pest

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plague

(plāg),
1. Any disease of wide prevalence or of excessive mortality.
2. An acute infectious disease caused by the bacterium Yersinia pestis and marked clinically by high fever, toxemia, prostration, a petechial eruption, lymph node enlargement, pneumonia, or hemorrhage from the mucous membranes; primarily a disease of rodents, transmitted to humans by fleas that have bitten infected animals. In humans the disease takes one of four clinical forms: bubonic plague, septicemic plague, pneumonic plague, or ambulant plague Synonym(s): pest, pestilence (1) , pestis
[G. plege, a stroke, a wound; L. plaga, a stroke, injury]

pest

(pĕst)
n.
1. An organism, typically an insect, that sickens or annoys humans, hampers human activities, damages crops or food products, harms livestock, or causes damage to buildings.
2. A deadly epidemic disease; a pestilence.

pest

Medical history
Plague, pestilence.
 
Medspeak
A nonspecific term for any undesirable animal or insect.
 
Vox populi
An annoying, irritating person.

PEST

Abbreviation for:
political, economic, social and technological

pest

any organism that causes nuisance to man, either economically or medically. Our classification of pests is constantly changing and is very dependent on economic circumstances. For example, the fungus causing apple scab is treated as a pest in the UK because it disfigures the fruit. In poorer countries, however, such cosmetic qualities of apples are less important and the fungus is not considered a pest.

pest

1. an organism that injures, irritates or damages livestock or crops.
2. a highly fatal, rapidly spreading disease with an acute course. See also plague, peste des petits ruminants, peste du porc, peste suina.

fowl pest
see avian influenza. Newcastle disease was at one time known as new fowl pest and as pseudo fowl pest.
integrated pest management
the use of all suitable methods of pest (insect, weed, rodent, etc) control to keep populations below the economic injury level. Methods include farming practices and the use of biological, physical and genetic control agents and selective use of pesticides.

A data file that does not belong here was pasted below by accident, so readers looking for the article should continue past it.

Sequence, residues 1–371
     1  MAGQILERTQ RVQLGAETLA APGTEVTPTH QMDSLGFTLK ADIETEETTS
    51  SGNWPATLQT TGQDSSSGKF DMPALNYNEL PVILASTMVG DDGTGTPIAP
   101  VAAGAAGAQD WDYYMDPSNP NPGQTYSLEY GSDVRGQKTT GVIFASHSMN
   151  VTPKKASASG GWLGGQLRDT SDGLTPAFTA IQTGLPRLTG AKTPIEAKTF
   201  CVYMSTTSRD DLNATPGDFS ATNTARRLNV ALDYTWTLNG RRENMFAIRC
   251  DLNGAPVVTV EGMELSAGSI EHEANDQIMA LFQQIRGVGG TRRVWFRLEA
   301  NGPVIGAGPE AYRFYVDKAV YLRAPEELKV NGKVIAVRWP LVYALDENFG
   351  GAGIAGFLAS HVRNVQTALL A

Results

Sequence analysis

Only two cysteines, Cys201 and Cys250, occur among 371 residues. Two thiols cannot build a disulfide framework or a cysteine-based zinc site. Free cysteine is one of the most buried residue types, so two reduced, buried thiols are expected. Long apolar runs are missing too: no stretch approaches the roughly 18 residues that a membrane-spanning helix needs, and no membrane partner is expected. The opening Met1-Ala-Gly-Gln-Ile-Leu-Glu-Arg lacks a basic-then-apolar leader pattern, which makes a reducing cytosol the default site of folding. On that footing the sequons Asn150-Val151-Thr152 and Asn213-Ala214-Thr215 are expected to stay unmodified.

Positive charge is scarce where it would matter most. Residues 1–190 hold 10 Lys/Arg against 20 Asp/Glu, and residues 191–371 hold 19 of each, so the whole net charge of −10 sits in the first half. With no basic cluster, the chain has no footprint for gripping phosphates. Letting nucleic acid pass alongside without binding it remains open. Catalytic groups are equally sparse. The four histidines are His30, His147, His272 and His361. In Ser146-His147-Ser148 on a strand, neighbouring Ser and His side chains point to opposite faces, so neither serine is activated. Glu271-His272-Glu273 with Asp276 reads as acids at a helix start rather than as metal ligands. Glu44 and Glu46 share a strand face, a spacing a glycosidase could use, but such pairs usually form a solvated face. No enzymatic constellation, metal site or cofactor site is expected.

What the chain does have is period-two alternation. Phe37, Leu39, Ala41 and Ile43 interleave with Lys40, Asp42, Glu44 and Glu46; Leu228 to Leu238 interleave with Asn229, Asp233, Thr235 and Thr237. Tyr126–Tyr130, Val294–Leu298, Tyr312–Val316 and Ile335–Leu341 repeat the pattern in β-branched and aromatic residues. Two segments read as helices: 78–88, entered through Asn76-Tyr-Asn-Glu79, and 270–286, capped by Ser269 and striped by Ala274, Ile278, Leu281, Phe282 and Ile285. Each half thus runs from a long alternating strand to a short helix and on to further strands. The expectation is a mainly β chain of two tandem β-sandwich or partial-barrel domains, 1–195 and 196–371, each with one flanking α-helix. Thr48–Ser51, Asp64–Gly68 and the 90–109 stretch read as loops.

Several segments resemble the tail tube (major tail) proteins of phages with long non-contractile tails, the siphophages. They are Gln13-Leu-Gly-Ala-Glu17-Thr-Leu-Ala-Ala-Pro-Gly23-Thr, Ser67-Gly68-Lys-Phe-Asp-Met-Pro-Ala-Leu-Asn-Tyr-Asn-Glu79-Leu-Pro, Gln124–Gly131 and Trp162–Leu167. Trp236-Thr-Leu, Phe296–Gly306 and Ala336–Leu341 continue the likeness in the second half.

References in periodicals archive ?
It has only been a few months since we released Ultrasonic Pest Controller but we're happy for the positive feedback it has received so far.
FAO Assistant Director General Ren Wang emphasized the importance of effective pest control programmes in meeting future challenges and the Sustainable Development Goal on Zero Hunger.
Masa Establishment is one of the leading commercial pest control companies working since 1980 that the pharma and healthcare facilities may hire for better pest care.
Insects are a bit harder to track down than rodents, but a pest management professional has tools to help employees monitor for these pests.
Development of IPM programs for key pests, whether endemic, invasive but long established, or more recently introduced, shares many commonalities.
Small changes to your sanitation and facility maintenance programs can have a big impact on preventing pests.
Pests thrive in dirty, dusty, and damp conditions, but an effective sanitation program gives them less reason to enter your facility.
Substantial shedding can threaten the health of infested eucalyptus trees and may increase their vulnerability to other pest invasions or diseases.
A federal research scientist with the Canadian Forest Service for 32 years, Arif started a genomics project three years ago to produce an environmentally safe viral control agent to fight insect pests, buoyed by a $4.
Our company have already taken great pains to alert the public to the dangers of pests.
Some farmers also used 'crop traps': planting marigolds and castor, which the pests preferred, alongside the cotton.
IPM is a sustainable approach to managing pests by combining biological, cultural and chemical tools in a way that minimizes economic, environmental and health risks.